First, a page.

‘Iron Claw’ tells story of dynasty scorned by tragedy

Courtesy Photo


“The Iron Claw” made its theatrical debut at the tail-end of 2023, with audiences entering their holiday teary-eyed, after flocking to see what the biographical drama had in store. The film follows the Von Erich family and depicts the tragic story of their legacy through its immense highs to the intense lows that always seemed to follow suit. 

A major qualm I have with the movie lies in the fact that writer-director, Sean Dirkin, chose to completely omit the youngest Von Erich son, Chris, from the movie’s plot. In an interview with the Los Angeles Times, Dirkin said, “there was a repetition to it, and it was one more tragedy that the film couldn’t really withstand.”  However, it makes little to no sense to exclude a vital player in the Von Erich family’s tragic past. Chris’s death serves as an example, amongst many others, of the damage that the pressure to build the Von Erich’s name inflicted. 

Throughout his life, Chris wanted to go pro, just like his brothers.  He was unable to pursue his dreams due to his health conditions. Chris suffered from asthma and brittle bones, a result of the Prednisone he took as a treatment for the asthma. 

Compared to his brothers, Chris had a smaller physique, standing at 5’5 and roughly 175 pounds, lacking the build and brawn his siblings seemed to be gifted with. He placed an immense amount of pressure on himself to live up to the accolades of his brothers.  When his circumstances prevented him from doing so, Chris spiraled into a depression, eventually causing him to take his own life in September of 1991. Chris’ absence is a missed opportunity to further depict the harm of the Von Erich’s legacy, and truly solidify the bond between the brothers.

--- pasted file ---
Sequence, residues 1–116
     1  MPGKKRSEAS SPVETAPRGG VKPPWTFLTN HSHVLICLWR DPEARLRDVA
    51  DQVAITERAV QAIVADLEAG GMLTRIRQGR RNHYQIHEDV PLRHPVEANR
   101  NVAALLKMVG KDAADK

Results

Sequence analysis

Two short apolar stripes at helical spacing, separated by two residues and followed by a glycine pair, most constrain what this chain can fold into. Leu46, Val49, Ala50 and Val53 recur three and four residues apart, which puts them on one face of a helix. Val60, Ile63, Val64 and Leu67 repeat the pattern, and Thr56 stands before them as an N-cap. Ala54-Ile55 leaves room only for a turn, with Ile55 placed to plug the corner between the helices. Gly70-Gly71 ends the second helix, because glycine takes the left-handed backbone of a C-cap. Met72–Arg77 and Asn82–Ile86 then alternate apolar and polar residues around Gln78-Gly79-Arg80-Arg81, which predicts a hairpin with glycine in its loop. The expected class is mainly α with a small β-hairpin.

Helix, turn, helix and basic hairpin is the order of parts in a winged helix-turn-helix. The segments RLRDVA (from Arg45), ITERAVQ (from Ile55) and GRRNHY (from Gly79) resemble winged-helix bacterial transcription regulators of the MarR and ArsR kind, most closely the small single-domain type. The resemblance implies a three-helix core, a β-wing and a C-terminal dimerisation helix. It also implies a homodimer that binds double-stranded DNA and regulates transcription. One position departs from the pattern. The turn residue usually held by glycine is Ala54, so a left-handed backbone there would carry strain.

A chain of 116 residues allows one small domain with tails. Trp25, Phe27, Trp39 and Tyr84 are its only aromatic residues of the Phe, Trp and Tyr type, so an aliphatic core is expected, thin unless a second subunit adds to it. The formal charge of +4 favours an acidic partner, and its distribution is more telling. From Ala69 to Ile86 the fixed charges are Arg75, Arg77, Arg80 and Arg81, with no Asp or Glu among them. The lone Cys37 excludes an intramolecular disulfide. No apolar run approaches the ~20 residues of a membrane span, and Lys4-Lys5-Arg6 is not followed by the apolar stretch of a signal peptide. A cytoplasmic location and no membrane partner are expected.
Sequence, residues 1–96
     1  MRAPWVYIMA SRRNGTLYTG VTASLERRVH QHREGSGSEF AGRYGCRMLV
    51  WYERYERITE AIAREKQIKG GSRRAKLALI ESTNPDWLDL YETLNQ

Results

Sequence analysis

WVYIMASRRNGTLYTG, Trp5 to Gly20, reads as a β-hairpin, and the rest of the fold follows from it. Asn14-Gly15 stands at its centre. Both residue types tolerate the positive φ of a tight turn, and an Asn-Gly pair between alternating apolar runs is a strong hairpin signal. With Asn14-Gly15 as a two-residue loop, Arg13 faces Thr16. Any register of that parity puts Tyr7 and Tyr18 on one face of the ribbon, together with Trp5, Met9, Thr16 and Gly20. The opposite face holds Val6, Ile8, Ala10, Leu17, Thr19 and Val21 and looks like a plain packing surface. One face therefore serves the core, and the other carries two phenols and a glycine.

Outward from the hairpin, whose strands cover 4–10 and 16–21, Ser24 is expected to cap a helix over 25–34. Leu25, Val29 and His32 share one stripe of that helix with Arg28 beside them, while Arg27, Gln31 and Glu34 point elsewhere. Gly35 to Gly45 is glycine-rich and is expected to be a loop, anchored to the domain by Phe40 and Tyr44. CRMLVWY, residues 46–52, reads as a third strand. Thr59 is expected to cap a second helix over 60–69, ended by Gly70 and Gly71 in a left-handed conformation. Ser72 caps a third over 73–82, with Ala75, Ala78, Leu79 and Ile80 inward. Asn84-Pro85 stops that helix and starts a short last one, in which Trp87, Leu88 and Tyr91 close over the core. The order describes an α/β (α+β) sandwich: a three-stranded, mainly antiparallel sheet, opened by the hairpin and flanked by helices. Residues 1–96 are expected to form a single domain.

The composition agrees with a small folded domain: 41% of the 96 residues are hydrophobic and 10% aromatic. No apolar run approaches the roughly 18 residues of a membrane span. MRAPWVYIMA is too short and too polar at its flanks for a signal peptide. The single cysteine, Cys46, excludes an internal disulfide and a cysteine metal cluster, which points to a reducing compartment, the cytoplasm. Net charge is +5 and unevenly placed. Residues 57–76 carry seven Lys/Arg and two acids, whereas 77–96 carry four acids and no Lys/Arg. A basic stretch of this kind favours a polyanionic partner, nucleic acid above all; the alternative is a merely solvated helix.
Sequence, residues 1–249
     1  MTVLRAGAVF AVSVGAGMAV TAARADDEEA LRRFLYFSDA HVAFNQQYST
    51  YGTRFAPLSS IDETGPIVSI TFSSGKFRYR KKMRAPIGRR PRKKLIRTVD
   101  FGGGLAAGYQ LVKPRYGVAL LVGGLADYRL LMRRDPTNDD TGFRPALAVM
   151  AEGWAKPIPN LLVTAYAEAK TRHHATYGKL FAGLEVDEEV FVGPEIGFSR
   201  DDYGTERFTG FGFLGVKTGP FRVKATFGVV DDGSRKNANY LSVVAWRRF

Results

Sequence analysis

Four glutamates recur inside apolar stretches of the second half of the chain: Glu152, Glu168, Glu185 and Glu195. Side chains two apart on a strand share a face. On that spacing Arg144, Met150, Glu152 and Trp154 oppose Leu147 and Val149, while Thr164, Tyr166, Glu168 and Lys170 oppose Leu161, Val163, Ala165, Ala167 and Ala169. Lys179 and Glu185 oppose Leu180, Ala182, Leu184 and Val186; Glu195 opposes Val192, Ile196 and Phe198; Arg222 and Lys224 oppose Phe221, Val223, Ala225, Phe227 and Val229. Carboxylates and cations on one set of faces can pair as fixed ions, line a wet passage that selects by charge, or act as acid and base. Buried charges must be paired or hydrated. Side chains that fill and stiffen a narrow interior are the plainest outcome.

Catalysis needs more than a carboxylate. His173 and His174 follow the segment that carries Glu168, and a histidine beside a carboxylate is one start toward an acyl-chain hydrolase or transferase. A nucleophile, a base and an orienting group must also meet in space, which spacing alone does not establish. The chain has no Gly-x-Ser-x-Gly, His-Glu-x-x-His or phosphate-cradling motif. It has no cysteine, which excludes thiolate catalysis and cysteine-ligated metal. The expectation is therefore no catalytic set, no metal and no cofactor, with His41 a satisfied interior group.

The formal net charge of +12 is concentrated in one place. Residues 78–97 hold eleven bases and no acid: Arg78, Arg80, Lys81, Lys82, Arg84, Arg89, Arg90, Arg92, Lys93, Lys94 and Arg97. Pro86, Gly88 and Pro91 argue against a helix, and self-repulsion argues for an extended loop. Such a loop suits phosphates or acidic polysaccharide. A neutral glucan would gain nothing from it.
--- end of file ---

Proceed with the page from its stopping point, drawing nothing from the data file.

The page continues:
Throughout the film, one can’t help but notice how Dirkin depicts the Von Erich patriarch in a domineering and controlling light. This directorial choice emphasizes the notion that the Von Erich boys endured their extreme careers solely for the sake of their father’s dream: to be the best in the professional wrestling world. 

The film itself feels like a warning for the harm a parent’s expectations can inflict on their children. The “not-good-enough” mentality the Von Erich’s patriarch, Fritz, seemed to possess did more harm than good to his sons. The constant comparison between the brothers, disturbingly depicted in the film
when he ranks his children based on their careers and various laurels, shows just how greatly this mentality had skewed his perception of his own sons. 

Dissimilar to reality, the film makes the narrative choice to have Kevin find Terry’s body instead of Fritz. Who, in reality, was the first to discover him. Kevin chastises his father after Fritz fails to look out for Terry, and nearly strangles his own father to death, in a release of his suppressed resentment. The pain and loss he endured throughout his life, both in and out of the ring, could be traced back to Fritz. Fritz chose his dream over the sake and wellbeing of his own children.

The traumas of his expectations snowballed into a crushing avalanche that inadvertently resulted in the deaths of his four sons. David, Terry, Micheal and Chris, who all died from the physical and emotional traumas they endured in the ring, the very source of their legacy. 

The Iron Claw” is a heart -warming yet tragic depiction of an infamous wrestling dynasty’s rise to fame,
immense impact and harrowing descent into tragedy. However, their legacy will grace the history books of the professional wrestling world, and the hearts of their beloved fans for generations to come.

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